Economic Growth in the Western Balkans: A Panel Analysis

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de Gruyter
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© 2021 Besime Ziberi et al., published by Sciendo
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2233-1999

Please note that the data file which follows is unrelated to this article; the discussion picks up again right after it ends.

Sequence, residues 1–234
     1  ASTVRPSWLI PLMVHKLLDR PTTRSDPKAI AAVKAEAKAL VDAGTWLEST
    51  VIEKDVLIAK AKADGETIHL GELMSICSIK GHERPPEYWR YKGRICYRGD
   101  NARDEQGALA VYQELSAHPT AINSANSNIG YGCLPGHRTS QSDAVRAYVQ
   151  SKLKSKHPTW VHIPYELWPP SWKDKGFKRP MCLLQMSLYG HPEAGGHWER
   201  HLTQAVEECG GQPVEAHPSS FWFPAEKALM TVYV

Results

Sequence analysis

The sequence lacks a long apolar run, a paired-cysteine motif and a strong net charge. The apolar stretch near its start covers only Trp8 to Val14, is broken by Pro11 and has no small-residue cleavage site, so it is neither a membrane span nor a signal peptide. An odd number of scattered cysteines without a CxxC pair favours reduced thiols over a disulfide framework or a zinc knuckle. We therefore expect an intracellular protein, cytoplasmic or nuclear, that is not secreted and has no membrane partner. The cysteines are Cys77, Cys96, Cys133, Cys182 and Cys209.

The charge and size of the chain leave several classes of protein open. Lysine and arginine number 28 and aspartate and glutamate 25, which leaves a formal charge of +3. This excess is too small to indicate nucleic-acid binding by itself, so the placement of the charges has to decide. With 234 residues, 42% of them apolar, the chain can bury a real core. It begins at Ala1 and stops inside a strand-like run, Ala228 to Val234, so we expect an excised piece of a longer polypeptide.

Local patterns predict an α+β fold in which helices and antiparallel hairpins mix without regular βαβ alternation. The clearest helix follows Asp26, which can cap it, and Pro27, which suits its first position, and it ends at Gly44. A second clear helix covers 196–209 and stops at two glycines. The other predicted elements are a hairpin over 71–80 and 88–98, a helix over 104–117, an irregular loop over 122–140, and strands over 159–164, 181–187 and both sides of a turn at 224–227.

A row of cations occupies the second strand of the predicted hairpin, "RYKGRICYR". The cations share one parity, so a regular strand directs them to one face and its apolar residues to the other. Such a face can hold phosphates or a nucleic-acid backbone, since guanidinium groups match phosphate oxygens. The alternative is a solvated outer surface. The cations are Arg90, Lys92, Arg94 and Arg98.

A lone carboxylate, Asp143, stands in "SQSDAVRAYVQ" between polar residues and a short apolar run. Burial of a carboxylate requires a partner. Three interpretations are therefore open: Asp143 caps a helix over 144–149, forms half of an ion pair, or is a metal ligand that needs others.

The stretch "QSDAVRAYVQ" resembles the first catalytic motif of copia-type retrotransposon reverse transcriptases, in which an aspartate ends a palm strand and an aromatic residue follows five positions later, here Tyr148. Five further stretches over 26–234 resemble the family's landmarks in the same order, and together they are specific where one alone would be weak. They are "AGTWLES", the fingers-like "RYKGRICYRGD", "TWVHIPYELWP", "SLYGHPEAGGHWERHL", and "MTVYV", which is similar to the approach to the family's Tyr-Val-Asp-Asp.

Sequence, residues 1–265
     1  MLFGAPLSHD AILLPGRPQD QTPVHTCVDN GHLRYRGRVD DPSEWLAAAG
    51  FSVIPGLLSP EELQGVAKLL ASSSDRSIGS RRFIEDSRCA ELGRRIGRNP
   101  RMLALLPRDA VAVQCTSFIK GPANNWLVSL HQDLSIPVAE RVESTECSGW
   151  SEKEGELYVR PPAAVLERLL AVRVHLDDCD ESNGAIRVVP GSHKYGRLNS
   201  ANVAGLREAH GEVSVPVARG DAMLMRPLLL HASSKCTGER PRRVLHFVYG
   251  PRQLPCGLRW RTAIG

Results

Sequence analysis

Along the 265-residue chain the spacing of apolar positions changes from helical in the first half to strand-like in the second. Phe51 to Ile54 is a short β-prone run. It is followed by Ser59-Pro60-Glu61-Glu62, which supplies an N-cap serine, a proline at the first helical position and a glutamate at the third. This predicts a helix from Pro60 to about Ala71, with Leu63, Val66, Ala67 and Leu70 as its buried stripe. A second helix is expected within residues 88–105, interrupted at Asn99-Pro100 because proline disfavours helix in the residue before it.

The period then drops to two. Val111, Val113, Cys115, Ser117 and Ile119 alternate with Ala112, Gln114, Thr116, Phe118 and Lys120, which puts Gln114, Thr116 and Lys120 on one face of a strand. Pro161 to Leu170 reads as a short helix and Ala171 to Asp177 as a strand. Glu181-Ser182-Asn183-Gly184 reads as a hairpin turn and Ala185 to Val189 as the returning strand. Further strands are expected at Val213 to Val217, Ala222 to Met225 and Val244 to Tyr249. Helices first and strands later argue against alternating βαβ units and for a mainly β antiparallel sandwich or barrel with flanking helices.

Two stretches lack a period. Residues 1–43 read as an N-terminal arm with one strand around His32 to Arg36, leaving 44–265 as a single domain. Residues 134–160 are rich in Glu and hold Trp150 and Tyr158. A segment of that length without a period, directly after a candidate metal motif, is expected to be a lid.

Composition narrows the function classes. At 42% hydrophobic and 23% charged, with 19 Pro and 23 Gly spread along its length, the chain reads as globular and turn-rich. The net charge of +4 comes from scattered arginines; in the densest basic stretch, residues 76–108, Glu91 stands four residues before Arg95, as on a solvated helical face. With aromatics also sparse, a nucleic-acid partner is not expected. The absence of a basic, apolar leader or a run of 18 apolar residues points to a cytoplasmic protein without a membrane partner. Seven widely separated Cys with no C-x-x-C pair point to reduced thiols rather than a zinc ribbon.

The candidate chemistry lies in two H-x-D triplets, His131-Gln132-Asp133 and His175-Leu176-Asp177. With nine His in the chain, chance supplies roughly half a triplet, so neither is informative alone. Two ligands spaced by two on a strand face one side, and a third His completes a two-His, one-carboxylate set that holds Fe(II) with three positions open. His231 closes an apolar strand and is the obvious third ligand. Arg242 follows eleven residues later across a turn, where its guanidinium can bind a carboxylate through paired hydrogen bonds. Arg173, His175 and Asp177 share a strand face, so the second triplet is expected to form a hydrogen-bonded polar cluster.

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2233-1999
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10.2478/jeb-2021-0015
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Abstract